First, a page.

honey-dinner's-getting-cold, just-wait-till-your-father-gets-home
and only the slow children out on the lawns, marking off
paths between fireflies, making soft little sounds with their mouths, ohs
that glow and go out and glow. And their slow mothers flickering,
pale in the dusk, watching them turn in the gentle air, watching them
twirling, their arms spread wide, thinking, These are my children, thinking,
Where is their dinner? Where has their father gone?

 - Cecilia Woloch from Late

Amrita Nadi ~ Daily Dharma


"A Prayer For The Children"

We Pray for the Children who sneak popsicles before
supper, who erase errors into holes in math workbooks,
who can never find their shoes, who love their pets,
who play video games unceasingly, who argue with their
siblings, who shine in school plays. And we pray for
those who stare at photographers from behind barbed
wire, who live alone on the streets, who can't bound
down the street in a new pair of sneakers, who are
born in places where we would not be caught dead, who
live in an X-rated world.

We Pray for the Children who bring us sticky kisses
and fistfuls of dandelions, who hug us in a hurry and
forget their lunch money, who watch television past
bedtime, who forget to do their homework, who want the
same story read over and over, who ride their bikes
with ecstasy. And we pray for those who never get
dessert, who have no safe blanket to drag behind them,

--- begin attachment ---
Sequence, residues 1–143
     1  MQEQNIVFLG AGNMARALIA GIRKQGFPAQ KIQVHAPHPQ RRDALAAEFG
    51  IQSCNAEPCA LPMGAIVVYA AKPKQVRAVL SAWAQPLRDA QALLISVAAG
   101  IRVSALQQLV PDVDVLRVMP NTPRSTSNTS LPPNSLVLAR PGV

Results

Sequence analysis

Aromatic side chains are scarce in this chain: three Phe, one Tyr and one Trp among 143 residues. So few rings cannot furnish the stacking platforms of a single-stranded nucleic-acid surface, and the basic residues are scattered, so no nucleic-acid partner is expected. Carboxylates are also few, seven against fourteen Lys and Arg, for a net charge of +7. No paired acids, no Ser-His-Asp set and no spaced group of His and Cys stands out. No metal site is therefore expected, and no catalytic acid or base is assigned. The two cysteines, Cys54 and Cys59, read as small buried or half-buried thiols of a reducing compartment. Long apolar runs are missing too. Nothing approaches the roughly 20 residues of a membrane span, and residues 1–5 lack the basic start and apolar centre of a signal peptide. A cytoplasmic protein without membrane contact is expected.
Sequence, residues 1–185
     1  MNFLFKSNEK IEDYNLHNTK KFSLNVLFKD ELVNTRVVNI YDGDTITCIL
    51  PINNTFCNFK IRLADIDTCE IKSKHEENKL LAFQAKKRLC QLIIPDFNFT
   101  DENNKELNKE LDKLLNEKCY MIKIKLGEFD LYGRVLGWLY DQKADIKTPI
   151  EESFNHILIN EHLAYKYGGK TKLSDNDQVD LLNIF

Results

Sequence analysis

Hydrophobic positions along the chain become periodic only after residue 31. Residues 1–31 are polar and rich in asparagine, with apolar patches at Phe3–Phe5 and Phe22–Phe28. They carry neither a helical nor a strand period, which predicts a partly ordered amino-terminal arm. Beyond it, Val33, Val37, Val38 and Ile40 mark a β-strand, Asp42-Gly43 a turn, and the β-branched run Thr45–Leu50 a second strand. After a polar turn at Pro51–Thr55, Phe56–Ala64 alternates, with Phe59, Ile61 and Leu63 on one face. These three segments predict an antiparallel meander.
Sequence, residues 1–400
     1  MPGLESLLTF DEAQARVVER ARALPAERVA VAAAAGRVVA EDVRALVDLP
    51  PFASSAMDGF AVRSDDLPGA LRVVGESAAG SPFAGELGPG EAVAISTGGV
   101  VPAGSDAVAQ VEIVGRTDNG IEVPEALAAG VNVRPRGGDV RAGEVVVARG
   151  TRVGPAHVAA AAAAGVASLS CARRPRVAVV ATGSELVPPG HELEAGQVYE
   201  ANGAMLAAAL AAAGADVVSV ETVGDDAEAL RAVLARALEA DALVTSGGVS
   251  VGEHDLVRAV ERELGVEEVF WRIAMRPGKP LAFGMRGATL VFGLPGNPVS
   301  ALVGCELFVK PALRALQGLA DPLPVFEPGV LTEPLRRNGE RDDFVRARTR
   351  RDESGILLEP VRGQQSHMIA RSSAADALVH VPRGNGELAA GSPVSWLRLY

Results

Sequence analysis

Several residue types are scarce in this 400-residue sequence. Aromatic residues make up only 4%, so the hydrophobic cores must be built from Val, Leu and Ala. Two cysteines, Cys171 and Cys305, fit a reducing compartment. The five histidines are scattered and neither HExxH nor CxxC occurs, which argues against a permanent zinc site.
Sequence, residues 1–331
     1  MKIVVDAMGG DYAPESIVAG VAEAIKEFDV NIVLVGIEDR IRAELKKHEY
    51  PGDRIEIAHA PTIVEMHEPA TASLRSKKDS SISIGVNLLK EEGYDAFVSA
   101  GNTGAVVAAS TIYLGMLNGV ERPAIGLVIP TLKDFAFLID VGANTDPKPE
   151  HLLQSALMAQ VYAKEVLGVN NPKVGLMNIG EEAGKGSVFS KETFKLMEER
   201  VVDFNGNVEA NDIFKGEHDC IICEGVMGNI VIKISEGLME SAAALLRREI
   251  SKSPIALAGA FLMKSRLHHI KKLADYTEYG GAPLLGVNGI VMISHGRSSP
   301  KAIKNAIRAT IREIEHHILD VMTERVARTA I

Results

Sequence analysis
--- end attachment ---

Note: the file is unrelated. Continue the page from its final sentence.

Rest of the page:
who watch their parents watch them die, who can't find
bread to steal, who only receive affection when made
to do things that frighten them, who don't have rooms
to clean up, whose pictures aren't on anybody's
dresser, whose monsters are real.

We Pray for the Children who spend their allowance
before Tuesday, who throw tantrums in the grocery
store and pick at their food, who like ghost stories,
who shove dirty clothes under the bed, who never rinse
out the tub, who get visits from the tooth fairy, who
don't like to be kissed in front of their friends, who
squirm during religious services and scream in the
phone, whose tears we sometimes laugh at and whose
smiles can make us cry. And we pray for those whose
nightmares come in the daytime, who have never been
kissed or nurtured, who have never seen a dentist, who
watch their parents shoot up, who will eat anything,
who only have been touched in ways that leave them
ashamed, who aren't spoiled by anybody, who go to bed
hungry and cry themselves to sleep, who live and move,
but have no being.

We Pray for the Children who want to be carried and
for those who must, who we never give up on and for
those who don't get a second chance. We pray for those
we smother with attention and for those who will grab
the hand of anybody kind enough to offer it. We vow to
offer that hand in whatever way and whenever we can.

May all children be free from suffering and at peace."

~From personal notes, author and source unknown.

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Nonduality: The Varieties of Expression Home

Jerry Katz
photography & writings